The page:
NBA and NFL players have a lot in common.
Both are amongst the best athletes in the world (well, besides linemen and kickers) and get paid a lot of money to do what they do.
While we've never seen a professional athlete compete in both sports, it would appear the NBA does feature plenty of stars who could suit up on Sundays and help out an NFL team.
So who would be the best candidates to fill out a NFL team? Who would make the best quarterback, running back, wide receiver and other key positions?
Here is the ultimate NFL team made solely of NBA players.
Needing an elite quarterback, why not get the best passer in the entire NBA?
Rajon Rondo has a knack for finding the smallest of windows to complete passes to teammates while on the hardwood, and he would only have an easier time on the gridiron with a smaller ball.
Rondo grew up wanting to play football, but he instead went the route of basketball at his mother's request.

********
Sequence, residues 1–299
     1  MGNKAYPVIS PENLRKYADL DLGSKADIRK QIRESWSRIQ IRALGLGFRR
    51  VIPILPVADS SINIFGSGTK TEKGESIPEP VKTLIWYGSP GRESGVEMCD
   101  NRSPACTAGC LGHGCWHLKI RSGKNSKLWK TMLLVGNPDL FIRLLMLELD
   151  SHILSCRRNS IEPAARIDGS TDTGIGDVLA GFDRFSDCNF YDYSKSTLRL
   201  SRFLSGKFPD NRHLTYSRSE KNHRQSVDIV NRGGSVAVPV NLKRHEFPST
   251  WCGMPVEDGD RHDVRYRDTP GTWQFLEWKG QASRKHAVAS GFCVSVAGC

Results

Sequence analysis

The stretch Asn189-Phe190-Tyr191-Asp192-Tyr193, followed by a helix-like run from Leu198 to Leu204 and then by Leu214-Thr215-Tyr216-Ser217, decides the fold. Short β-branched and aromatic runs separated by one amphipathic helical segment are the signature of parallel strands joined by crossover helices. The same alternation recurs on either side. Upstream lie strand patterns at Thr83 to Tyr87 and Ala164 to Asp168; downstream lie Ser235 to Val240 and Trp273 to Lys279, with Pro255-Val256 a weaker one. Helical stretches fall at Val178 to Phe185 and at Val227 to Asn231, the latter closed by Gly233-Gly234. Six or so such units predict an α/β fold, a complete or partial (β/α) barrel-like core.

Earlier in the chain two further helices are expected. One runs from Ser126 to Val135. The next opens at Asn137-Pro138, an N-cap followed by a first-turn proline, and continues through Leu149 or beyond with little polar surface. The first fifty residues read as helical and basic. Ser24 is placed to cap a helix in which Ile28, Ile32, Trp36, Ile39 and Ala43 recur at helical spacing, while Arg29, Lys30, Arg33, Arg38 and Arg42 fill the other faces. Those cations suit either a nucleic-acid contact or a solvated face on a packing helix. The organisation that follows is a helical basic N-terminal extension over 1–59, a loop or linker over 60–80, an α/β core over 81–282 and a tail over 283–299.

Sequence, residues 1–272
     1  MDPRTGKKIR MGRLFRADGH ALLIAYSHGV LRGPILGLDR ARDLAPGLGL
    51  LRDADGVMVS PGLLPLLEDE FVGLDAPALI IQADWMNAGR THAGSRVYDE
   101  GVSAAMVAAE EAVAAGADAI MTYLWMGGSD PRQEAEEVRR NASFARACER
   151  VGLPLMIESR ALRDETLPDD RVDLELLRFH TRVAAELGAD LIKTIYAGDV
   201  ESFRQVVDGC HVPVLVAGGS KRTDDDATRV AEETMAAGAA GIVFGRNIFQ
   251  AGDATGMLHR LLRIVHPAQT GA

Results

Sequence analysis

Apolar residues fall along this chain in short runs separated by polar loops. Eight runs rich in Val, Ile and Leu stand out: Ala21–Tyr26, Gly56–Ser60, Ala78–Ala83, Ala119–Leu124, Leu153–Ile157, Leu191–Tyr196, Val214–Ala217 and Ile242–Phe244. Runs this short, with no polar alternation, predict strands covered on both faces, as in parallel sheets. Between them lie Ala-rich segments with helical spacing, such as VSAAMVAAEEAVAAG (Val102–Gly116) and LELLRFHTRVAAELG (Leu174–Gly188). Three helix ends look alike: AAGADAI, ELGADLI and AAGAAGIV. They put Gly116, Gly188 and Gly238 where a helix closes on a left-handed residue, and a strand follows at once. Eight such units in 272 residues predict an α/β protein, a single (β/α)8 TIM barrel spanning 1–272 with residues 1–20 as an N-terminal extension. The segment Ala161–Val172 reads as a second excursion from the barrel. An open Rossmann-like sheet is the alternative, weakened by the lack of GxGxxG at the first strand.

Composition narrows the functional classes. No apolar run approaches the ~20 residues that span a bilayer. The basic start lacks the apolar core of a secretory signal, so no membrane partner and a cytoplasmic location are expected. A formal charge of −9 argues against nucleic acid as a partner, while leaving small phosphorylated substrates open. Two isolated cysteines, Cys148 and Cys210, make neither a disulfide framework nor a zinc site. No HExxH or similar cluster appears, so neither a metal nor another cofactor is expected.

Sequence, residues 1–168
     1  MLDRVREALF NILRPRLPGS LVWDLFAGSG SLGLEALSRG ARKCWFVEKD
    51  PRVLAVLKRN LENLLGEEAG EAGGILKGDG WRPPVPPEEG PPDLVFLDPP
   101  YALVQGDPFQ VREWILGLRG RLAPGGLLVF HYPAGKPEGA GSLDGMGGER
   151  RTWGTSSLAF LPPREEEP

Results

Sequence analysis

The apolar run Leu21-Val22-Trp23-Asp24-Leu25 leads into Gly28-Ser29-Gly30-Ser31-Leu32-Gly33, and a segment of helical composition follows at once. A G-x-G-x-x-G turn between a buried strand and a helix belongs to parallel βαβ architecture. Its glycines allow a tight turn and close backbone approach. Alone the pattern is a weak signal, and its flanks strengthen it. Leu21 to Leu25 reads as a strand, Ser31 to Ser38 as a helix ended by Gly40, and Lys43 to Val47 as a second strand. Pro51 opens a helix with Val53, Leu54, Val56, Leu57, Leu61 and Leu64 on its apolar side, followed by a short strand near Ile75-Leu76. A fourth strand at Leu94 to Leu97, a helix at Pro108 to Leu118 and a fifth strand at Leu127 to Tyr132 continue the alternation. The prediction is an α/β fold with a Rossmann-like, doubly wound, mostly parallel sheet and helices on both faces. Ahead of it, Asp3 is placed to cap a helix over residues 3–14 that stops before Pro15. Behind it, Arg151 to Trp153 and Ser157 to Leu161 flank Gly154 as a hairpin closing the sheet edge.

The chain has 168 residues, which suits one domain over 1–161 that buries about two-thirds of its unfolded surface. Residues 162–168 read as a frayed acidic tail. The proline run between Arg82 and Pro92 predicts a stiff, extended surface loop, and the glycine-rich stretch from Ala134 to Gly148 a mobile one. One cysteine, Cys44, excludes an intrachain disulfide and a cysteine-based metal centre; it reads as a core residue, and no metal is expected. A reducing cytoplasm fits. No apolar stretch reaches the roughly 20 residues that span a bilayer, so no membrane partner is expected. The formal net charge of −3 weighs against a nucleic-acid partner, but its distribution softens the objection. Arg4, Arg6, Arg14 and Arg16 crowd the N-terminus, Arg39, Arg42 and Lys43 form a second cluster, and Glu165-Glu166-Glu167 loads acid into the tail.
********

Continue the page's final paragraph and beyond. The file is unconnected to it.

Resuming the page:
Things have obviously worked out for the best, but who knows what would have happened if Rondo played football at Kentucky along with basketball?
Even though he doesn't have the biggest or tallest frame, at 6'1", Rondo is approximately the same height as New Orleans Saints quarterback Drew Brees.
Other Choices: Deron Williams, Chris Paul
One of the few NBA players who actually played college football, Nate Robinson was a high school star running back in Seattle.